Bolivar pointedly rejected the Pez plan of monarchy: Napoleon was great and unique but highly ambitious. Here we have none of this. I am not, nor do I care to be, a Napoleon. I regard these examples as unworthy of the glory that I have achieved. The title of Liberator is superior to any that human pride has ever sought. It cannot, therefore, be degraded. Moreover, our people have nothing, nothing whatever, in common with the French. Our Republic has raised the country to heights of glory and property, endowing it with laws and freedom. First he congratulated Congress on behalf of the nation for meeting to draft a constitution for Colombia. He reviewed the successful end to conflict with Peru, but then, with an understandable tone of bitterness, he tendered his resignation.

I fear, and not without reason, that my sincerity will be questioned when I speak to you of the magistrate who is to head the Republic. But Congress must realize that their honor forbids them to consider me for that post, and that mine forbids me to accept it. Would you, by chance, return this precious authority to him who has delivered it to you? Would you, conceivably, to the detriment of your good name, cast your votes for me? Would this not mean that I had voted myself into power? Far be it from you or me to stoop to such behavior.

As is it your obligation to organize the Republic into a well established government, you will find, both within and without your own august number, illustrious citizens who are capable of discharging the office of president with glory and success. All, all of my fellow-citizens, excluding none, enjoy the great good fortune of being held innocent of suspicions; only I am branded as aspiring to become a tyrant.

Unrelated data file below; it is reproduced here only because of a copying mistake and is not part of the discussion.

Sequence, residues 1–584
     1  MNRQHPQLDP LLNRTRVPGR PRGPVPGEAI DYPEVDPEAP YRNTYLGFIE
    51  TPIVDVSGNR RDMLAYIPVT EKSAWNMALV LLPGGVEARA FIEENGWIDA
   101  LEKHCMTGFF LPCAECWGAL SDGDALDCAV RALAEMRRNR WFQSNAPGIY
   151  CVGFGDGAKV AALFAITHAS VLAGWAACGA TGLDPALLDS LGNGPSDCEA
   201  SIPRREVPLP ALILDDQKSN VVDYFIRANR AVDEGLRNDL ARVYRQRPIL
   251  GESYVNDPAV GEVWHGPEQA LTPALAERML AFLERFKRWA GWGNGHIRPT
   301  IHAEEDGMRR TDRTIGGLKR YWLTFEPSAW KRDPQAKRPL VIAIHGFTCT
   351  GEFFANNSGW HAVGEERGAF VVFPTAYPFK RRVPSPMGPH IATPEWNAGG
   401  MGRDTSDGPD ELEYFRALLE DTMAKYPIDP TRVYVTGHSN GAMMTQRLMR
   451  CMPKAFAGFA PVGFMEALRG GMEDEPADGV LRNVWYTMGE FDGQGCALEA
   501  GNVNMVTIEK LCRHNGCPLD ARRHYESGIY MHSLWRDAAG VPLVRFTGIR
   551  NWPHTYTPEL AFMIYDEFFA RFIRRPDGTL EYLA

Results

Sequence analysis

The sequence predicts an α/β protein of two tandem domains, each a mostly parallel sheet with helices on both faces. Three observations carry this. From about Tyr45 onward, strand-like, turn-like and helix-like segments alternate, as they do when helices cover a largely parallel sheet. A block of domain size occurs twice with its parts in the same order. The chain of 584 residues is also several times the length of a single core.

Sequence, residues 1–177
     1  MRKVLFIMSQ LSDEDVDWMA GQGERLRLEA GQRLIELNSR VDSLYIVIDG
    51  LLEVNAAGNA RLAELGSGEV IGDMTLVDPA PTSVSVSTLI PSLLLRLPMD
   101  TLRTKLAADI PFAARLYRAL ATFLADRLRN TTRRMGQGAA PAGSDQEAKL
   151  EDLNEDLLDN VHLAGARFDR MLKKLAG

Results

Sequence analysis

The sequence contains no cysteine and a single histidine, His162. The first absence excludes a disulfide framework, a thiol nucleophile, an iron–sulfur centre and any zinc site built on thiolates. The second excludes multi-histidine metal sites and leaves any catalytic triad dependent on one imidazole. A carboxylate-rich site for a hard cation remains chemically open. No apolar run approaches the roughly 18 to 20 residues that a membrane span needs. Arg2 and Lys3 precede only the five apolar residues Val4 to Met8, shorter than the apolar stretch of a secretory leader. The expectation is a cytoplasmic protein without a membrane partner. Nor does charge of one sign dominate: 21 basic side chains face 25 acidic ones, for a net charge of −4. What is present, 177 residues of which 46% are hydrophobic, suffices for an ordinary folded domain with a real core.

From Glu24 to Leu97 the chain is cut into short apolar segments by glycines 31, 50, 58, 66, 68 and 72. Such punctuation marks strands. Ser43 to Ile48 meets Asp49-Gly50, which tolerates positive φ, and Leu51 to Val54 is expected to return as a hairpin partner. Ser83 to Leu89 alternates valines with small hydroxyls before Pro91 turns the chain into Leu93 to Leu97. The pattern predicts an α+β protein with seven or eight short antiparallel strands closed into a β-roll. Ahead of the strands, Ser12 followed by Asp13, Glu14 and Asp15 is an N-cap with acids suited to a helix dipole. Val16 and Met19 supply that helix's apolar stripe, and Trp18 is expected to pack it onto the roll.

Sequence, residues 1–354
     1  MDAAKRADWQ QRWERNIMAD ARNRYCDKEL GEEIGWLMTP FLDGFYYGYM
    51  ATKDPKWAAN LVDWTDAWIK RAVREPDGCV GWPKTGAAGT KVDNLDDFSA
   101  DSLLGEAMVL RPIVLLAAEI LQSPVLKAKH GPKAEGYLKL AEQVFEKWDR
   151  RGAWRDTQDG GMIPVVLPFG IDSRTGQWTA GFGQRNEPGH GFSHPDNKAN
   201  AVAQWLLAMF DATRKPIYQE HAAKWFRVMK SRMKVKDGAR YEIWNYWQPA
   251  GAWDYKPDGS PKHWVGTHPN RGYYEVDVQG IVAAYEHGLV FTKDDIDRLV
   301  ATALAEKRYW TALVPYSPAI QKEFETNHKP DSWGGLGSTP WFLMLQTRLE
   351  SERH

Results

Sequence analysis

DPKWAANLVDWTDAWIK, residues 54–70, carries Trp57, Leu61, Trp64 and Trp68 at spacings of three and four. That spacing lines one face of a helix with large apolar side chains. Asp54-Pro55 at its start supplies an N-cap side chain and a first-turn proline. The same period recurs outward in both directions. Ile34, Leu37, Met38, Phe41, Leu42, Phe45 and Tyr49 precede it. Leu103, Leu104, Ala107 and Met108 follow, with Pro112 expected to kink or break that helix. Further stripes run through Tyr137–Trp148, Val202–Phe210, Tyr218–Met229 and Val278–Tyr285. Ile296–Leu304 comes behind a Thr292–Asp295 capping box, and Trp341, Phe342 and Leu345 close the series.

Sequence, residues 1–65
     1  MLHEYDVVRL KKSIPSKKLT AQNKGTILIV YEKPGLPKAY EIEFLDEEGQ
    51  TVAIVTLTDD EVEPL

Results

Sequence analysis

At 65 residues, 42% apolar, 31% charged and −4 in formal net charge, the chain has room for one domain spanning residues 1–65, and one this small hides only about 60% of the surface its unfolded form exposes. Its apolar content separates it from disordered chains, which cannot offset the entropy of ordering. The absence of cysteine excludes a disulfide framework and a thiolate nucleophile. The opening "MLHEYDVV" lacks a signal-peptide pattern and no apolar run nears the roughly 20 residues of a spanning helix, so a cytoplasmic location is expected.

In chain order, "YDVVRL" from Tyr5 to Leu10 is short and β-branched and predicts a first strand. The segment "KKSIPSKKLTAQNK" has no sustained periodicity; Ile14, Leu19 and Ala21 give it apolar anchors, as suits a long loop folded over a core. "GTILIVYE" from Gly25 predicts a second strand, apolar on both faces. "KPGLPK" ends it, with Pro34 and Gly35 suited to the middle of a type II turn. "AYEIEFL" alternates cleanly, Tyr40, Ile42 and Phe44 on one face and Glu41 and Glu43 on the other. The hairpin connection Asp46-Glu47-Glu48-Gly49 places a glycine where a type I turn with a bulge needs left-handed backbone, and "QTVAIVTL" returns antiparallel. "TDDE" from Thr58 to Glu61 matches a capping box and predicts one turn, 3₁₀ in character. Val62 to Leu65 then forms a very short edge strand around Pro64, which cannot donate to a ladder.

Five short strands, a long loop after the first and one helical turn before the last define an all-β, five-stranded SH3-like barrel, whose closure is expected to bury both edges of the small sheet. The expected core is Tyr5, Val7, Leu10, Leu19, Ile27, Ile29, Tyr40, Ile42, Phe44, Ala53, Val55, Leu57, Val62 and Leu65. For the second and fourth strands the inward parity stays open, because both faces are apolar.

Do as you will with the presidency, which I respectfully deliver into your hands. Henceforth, I am but a citizen-in-arms, ready to defend my country and obey her government. My public duties are forever ended. I formally and solemnly deliver to you the supreme authority conferred upon my by the express wish of the nation.

Although it speaks more to his extraordinary personality and his psychological state than his politics, Bolivar's "Delirium over Chimborazo" is well worth reading. What do you think the images and symbolism mean?

The patriots completed their military victories over Spanish forces during the early 1820s. However, with military victory won, Bolivar now faced myriad political conflicts. Opponents accused him of dictatorial excesses and tried to assassinate him. His vision of a united Latin America quickly crumbled. Hounded and ostracized he decided to leave South America for a life in exile. However, Bolivar's physical condition deteriorated badly. He issued his final heart-rending proclamation to "the People of Colombia," dated December 10, 1830. He died, delirious, a week later.